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How Do You All Recognize A Fake Morgans?

 
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Author Previous TopicReplies: 8 / Views: 228Next Topic  
New Member

United States
25 Posts
 Posted 07/21/2021  3:31 pm Show Profile   Bookmark this topic Add Greg250k to your friends list Get a Link to this Message
I'd like to hear from you experts on how to tell if a Morgan is a fake. I'm attaching photos of a coin that I know is a fake. I bought it as a fake as a reference. But I'm not really picking out any detail that determines it as a fake. I have not yet weighed it.

Help?



Pillar of the Community
United States
864 Posts
 Posted 07/21/2021  3:48 pm  Show Profile   Bookmark this reply Add suipakpaikungfu to your friends list Get a Link to this Reply
Weight. Magnetic test. Surface quality (Grainy is bad...) Compare letters / devices to
a genuine coin.
Pillar of the Community
United States
9832 Posts
 Posted 07/21/2021  4:50 pm  Show Profile   Bookmark this reply Add dave700x to your friends list Get a Link to this Reply
If the weight is correct the rim of the coin will be noticeably thicker than a genuine coin.
1883-O Nut
Valued Member
United States
299 Posts
 Posted 07/21/2021  5:19 pm  Show Profile   Bookmark this reply Add MisterT to your friends list Get a Link to this Reply
weight test first, diameter and thickness second and specific gravity third. Other quick options are the tissue test and the ice cube test. Naturally, grainy surfaces, mushy lettering and pimpled fields draw suspect too.
Valued Member
United States
266 Posts
 Posted 07/21/2021  5:36 pm  Show Profile   Bookmark this reply Add halfamind to your friends list Get a Link to this Reply
Finer features give fakers fits. Dates and denticles can derail dirty dealers, too.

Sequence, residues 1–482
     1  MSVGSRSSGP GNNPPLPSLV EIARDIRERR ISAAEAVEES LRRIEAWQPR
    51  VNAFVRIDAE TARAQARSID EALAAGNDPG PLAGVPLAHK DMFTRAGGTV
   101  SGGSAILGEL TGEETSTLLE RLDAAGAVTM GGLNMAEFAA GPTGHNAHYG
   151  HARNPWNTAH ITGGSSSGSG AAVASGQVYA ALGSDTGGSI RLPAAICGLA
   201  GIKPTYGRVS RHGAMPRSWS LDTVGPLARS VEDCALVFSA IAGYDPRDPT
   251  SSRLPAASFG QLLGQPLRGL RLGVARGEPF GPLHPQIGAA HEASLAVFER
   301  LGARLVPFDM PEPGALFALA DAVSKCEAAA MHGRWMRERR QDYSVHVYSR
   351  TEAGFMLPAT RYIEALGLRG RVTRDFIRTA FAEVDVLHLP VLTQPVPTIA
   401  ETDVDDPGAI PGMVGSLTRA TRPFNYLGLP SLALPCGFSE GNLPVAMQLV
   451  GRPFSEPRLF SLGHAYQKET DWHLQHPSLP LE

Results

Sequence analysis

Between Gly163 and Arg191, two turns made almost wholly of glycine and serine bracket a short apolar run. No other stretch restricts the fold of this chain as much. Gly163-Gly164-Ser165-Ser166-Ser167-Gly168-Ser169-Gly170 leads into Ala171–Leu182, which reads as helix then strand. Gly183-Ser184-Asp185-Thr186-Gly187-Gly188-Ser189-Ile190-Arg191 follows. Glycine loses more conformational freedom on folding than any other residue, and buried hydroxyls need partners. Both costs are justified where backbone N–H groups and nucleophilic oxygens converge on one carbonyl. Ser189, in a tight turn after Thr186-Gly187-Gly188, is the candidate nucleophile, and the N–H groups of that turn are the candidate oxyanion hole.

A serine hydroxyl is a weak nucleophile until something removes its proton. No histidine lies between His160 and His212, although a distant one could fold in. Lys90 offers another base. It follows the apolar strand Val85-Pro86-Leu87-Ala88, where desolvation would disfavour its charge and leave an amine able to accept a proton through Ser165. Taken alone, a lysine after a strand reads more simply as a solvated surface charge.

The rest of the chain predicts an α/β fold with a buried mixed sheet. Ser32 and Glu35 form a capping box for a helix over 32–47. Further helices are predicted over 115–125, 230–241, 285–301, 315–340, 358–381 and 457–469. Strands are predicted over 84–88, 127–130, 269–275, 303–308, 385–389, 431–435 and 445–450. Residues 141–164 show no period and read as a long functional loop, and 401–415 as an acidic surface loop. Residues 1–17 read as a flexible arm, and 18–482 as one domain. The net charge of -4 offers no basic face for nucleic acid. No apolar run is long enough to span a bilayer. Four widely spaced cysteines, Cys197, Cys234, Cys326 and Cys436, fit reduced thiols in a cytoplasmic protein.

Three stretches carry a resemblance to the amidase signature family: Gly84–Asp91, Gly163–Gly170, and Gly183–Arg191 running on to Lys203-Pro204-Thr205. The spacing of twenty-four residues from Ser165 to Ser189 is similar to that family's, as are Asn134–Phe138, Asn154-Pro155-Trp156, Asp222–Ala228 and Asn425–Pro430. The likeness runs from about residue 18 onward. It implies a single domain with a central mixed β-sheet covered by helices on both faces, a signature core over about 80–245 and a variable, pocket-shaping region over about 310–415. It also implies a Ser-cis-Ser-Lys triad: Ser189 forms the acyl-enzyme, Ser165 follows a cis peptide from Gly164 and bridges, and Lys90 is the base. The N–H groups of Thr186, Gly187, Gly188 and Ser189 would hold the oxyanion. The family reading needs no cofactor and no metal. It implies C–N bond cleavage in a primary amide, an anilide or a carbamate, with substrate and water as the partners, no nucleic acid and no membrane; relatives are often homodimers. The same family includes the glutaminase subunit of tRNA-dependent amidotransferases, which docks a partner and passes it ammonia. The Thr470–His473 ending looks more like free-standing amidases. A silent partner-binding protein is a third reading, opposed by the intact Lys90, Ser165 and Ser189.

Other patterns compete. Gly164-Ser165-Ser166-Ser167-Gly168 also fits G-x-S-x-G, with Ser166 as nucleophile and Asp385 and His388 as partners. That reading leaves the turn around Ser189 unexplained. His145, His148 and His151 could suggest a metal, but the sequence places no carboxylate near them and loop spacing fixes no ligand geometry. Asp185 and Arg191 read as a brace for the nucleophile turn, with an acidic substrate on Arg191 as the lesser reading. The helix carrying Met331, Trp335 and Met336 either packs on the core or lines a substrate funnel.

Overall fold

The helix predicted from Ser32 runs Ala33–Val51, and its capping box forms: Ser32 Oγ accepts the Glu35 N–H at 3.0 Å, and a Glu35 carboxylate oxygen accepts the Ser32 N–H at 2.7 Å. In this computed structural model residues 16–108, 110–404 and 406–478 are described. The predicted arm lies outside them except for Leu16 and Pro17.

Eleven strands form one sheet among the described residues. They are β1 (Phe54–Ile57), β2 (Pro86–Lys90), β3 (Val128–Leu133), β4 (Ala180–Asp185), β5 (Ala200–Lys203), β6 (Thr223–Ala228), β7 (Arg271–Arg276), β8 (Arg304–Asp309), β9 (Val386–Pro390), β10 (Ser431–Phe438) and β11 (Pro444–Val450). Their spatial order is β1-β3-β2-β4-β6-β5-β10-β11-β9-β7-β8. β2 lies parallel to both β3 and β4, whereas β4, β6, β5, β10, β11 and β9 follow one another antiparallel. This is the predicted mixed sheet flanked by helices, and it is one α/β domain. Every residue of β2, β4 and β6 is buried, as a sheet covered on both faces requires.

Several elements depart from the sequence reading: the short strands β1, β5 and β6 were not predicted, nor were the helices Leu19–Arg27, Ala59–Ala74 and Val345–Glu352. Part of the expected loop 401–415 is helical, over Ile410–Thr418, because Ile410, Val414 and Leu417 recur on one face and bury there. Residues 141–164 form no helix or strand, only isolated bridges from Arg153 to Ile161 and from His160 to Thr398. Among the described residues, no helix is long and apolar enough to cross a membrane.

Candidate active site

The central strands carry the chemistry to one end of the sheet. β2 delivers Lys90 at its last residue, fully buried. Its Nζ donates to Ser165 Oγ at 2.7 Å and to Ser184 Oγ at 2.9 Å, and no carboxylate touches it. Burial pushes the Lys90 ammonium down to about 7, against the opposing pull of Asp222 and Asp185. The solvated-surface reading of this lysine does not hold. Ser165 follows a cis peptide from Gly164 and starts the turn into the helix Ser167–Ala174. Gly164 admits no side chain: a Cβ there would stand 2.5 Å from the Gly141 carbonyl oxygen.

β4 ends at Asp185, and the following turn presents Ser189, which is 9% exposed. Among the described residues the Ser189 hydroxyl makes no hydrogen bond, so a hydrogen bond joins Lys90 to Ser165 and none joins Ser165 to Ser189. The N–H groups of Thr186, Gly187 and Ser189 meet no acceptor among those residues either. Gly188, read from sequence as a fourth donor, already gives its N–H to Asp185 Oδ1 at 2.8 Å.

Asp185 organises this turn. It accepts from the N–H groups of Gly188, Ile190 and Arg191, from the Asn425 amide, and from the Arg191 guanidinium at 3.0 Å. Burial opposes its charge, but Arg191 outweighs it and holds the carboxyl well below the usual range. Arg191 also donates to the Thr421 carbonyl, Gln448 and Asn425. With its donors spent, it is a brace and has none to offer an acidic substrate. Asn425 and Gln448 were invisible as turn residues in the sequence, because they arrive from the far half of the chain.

Pillar of the Community
United States
1263 Posts
 Posted 07/21/2021  7:26 pm  Show Profile   Bookmark this reply Add The Silver Searcher to your friends list Get a Link to this Reply
to the CCF, Greg!

Sometimes a fake coin just looks "wrong."

This isn't foolproof, of course - genuine coins can appear "strange," and fake ones can be so good as to look perfectly normal.

Also note that toning, wear, and improper cleaning can all make determining a coin's authenticity difficult. This is why quantitative testing, like weighing, is so important.

Pictures also make identifying fakes more difficult. Not everyone is skilled enough to produce images that show a coin exactly as it appears in hand.

For example, here is a topic I posted a few years back about an 1881 Morgan. One set of pictures made the date look highly suspect, but another image with different lighting made it appear normal. One forum member even asked if the second image was even of the same coin - my so-so photography skills made them appear that much different!

Edited by The Silver Searcher
07/21/2021 7:30 pm
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United States
20046 Posts
 Posted 07/21/2021  8:16 pm  Show Profile   Bookmark this reply Add Spence to your friends list Get a Link to this Reply
Somehow this coin was struck with both the obv and rev sideways.

Sorry to bust on you a little bit @greg. Seriously though, weight, dimensions (including thickness), specific gravity, attracted to a magnet, and silver alloy are my primary tools for identifying fakes.
"If you climb a good tree, you get a push."
-----Ghanaian proverb

"The danger we all now face is distinguishing between what is authentic and what is performed."
-----King Adz

New Member
United States
25 Posts
 Posted 07/22/2021  6:21 pm  Show Profile   Bookmark this reply Add Greg250k to your friends list Get a Link to this Reply
I definitely see the grain is very different than the real Morgan. And I will have to bring my scale down from the cabin where it's been weighing broadheads and bullets. thanks to all of you for the tips. And no worries about busting on me Spence. That's how I'm figuring out all this Morgan info.
Valued Member
United States
56 Posts
 Posted 07/24/2021  9:08 pm  Show Profile   Bookmark this reply Add Pmint1 to your friends list Get a Link to this Reply
The clashes die reverse is a nice touch.
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